The night I ambushed Ho Ching, and other tales from the trenches



March 25th, 2009

Karen Yap, a Malaysian journalist in Singapore on the inaugural Asia Journalism Fellowship programme, speaks to journalism students at the Wee Kim Wee School of Communication and Information, NTU.

Good morning everyone. I’m honoured to be here today, to share with you my experiences. I want to tell you three stories from my life.

My first story is about love.

I first wanted to be a reporter when I was about 10 years old, after watching an evening news where a female broadcaster was reporting from a war-torn country. Aside from X-Men and Spiderman, I thought she was another coolest person that I could add into my ambition list – including the bullet-proof vest, safety helmet and the explosions and army tanks. Thirteen-years later, I did become a journalist but minus the war paraphernalia.

Little did I know that being a journalist is a lot of hard work. It is not as glamorous as most people imagine it to be. Unlike the most of you here, I did not go to a communication or media school until much later in my journalistic career. I came from the school of hard knocks: I was put in the deep-end without assistance, and was told to swim as hard as I can in order not to sink. Hence, my formative years as a journalist were a difficult phase, but with steep learning curves.

I spent long hours rewriting my stories, to get the grammar, context and quotation right, following heated exchanges with the copy editors. There were days where my stories went into the dumps. There were days where my name didn’t appear along with my story because the editors felt it was not good enough to warrant a byline. Or, the four walls of the newsroom could hear the silly mistakes that I did in the stories, no thanks to the screaming editors who were trying to meet deadlines.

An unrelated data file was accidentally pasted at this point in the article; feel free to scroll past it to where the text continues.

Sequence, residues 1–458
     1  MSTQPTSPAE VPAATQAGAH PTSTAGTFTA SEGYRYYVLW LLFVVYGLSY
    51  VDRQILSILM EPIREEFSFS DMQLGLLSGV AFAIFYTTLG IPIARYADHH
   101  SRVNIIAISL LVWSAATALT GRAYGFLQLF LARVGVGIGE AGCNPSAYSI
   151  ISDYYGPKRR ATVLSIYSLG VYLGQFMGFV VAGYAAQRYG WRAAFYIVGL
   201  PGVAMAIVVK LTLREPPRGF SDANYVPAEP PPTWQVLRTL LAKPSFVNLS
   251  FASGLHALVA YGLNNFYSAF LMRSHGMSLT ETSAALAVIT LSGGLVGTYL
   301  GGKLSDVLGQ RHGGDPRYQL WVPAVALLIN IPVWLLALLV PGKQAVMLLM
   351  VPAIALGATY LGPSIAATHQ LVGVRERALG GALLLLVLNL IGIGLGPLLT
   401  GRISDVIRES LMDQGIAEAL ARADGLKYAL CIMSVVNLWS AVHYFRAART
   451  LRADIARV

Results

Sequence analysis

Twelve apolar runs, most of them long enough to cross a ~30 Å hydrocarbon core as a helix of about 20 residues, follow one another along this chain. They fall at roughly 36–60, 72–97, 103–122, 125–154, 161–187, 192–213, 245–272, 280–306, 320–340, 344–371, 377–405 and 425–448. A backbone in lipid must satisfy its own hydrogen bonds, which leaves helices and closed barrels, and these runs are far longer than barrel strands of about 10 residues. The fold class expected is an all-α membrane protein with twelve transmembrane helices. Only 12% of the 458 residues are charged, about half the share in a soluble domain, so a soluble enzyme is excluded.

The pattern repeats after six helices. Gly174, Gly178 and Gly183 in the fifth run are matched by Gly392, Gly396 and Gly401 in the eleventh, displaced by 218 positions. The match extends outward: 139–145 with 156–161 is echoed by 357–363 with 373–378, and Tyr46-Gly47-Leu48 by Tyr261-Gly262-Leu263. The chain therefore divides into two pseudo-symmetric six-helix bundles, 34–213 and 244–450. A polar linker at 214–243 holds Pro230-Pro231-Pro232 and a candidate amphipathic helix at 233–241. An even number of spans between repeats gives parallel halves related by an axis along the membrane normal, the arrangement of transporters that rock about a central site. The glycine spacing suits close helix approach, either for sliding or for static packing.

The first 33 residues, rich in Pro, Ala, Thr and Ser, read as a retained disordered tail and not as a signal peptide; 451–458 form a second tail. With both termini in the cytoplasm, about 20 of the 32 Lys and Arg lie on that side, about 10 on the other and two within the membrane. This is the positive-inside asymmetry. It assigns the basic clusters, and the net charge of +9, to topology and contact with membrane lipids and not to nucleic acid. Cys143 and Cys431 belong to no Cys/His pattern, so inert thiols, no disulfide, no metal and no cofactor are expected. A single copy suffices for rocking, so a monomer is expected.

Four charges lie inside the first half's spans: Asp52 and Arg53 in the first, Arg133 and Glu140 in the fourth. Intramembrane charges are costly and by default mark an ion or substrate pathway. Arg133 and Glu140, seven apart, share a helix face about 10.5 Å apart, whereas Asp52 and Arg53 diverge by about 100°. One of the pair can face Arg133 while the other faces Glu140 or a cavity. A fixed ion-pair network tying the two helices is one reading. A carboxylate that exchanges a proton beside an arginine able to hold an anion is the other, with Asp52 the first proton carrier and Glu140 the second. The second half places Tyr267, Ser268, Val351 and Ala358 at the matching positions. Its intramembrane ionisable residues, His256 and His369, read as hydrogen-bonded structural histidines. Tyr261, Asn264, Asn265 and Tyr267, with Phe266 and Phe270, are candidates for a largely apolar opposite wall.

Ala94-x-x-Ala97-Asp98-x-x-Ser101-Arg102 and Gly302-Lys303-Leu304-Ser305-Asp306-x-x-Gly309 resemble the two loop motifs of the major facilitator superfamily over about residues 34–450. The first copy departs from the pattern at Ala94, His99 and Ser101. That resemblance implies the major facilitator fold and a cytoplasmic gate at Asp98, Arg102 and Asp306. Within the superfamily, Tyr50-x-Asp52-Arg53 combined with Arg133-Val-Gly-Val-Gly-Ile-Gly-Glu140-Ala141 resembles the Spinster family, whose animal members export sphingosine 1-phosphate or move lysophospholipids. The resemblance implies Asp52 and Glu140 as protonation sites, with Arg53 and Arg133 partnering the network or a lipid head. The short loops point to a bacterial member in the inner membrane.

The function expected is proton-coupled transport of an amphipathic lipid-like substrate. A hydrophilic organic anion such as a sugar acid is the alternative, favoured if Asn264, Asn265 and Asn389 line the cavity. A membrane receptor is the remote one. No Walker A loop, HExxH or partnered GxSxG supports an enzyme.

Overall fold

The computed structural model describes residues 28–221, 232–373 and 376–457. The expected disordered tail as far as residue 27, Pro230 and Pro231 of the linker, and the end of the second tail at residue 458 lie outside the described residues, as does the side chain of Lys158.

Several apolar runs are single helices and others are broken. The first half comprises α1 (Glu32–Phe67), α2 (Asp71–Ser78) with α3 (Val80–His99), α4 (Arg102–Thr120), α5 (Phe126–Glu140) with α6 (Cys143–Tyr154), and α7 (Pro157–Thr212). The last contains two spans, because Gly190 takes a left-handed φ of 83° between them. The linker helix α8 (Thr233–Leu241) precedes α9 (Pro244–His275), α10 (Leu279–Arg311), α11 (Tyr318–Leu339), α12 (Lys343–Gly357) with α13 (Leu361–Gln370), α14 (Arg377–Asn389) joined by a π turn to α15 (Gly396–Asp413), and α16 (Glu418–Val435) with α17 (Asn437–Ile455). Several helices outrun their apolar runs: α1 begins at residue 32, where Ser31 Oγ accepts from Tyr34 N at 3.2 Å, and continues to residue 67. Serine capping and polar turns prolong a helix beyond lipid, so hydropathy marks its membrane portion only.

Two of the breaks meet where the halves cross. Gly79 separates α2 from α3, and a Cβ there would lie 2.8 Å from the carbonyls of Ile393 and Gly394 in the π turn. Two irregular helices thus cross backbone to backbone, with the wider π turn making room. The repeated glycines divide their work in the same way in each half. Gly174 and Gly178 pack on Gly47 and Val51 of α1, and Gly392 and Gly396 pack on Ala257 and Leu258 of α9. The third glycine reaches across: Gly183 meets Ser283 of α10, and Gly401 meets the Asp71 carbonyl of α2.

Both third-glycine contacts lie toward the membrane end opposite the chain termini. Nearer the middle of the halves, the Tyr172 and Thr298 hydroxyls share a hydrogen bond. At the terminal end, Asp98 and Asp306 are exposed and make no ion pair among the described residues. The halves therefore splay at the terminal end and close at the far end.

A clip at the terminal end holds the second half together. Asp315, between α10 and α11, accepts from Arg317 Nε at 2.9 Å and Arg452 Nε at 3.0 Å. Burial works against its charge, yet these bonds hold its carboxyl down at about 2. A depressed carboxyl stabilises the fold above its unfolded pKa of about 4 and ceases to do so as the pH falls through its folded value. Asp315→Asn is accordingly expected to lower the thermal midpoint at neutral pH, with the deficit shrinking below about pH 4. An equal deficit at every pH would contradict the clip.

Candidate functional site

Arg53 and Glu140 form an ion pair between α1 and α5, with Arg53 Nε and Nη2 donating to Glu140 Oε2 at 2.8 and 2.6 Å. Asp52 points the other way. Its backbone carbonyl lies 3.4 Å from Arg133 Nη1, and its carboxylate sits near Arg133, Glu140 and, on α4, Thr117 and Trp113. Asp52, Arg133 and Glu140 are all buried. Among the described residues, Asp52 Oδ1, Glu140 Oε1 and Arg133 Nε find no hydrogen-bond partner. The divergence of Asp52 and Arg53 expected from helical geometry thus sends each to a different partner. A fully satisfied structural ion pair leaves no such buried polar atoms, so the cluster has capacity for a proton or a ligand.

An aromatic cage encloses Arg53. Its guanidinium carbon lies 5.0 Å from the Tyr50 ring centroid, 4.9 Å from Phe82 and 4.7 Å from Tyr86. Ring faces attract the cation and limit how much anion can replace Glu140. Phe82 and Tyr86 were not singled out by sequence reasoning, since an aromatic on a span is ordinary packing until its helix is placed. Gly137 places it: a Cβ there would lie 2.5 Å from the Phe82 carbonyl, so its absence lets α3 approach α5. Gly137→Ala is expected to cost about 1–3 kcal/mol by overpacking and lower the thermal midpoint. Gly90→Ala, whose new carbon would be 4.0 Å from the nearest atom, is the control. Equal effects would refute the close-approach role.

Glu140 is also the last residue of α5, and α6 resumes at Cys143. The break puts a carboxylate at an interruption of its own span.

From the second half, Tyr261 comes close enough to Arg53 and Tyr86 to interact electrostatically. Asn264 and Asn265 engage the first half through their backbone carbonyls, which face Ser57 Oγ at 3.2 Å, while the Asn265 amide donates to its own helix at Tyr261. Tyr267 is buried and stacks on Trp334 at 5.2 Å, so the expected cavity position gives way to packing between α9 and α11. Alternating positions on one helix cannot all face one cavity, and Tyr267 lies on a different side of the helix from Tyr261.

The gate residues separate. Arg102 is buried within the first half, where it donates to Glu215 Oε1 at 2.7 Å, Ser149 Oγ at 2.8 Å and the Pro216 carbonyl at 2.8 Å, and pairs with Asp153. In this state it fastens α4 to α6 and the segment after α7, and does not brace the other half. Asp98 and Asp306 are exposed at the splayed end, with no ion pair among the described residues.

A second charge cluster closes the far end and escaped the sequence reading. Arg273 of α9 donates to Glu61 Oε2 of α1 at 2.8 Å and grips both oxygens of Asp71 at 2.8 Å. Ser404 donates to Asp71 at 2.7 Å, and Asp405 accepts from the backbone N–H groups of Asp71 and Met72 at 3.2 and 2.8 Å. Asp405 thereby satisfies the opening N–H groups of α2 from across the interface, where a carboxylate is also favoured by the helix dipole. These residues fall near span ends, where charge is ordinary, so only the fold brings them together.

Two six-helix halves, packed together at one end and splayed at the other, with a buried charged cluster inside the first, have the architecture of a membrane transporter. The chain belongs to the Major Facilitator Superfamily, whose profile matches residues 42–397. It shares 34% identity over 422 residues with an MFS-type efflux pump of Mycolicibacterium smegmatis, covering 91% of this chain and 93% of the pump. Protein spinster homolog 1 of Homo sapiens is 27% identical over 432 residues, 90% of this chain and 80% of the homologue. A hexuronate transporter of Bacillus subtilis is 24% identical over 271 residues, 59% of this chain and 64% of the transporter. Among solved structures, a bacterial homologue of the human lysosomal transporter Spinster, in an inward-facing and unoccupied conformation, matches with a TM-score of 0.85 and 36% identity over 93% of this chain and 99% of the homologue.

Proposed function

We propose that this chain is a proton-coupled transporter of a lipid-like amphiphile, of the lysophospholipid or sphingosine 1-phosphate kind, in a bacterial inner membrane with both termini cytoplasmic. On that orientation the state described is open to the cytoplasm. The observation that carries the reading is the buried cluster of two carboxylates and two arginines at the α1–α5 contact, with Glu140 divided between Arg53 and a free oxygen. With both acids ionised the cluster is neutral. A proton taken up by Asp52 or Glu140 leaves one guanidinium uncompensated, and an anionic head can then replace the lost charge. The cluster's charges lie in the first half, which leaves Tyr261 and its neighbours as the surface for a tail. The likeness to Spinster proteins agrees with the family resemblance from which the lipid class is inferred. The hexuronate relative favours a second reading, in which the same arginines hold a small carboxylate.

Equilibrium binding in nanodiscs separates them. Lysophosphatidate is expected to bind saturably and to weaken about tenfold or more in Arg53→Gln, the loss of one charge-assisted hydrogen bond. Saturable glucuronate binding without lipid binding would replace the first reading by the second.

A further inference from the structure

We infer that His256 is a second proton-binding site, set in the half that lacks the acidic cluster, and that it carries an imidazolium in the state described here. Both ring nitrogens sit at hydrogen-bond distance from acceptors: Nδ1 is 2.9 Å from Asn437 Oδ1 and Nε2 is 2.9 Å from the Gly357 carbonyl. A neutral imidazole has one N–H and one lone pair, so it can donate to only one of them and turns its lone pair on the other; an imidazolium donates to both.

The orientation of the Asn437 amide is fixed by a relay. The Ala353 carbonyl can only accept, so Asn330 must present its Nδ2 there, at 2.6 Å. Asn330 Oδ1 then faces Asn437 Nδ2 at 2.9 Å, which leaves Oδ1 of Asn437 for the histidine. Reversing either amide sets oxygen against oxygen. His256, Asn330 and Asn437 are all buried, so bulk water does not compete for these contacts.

Two things to remember: Like artists, journalists take it to heart when their works are criticised. You cannot please everyone. I know these feelings very well. It is normal to feel that way when you’re in the industry. To stay in the game, I have no choice but to swallow this bitter pill (and quietly curse the whole world) while vowing to find ways to proof my critics wrong. This is a lesson on endurance and persistence. Journalists need this trait to survive. For with a thick-skin attitude, a strong-will replaces shyness and you’ll find no qualms in seizing your subjects for answers. You will gain this lesson through experience and exposure.

While we’re on this subject, there was once where I waited for four hours at a five-star hotel in Kuala Lumpur for Madam Ho Ching, the CEO of Temasek Holdings. This was in 2004 when Temasek Holdings was rumoured to be seeking for an equity stake in a Malaysian bank. This is a sexy story because it has cross-border political and business appeal. Every business reporter in town were eyeing for an exclusive story on Temasek, specifically with Madam Ho Ching. I was assigned to this story, and I naturally called up Temasek for an interview but they declined, as usual. Then, I got to know that Madam Ho Ching was due to be in KL for a closed-door conference with bankers at a five-star hotel at 6pm.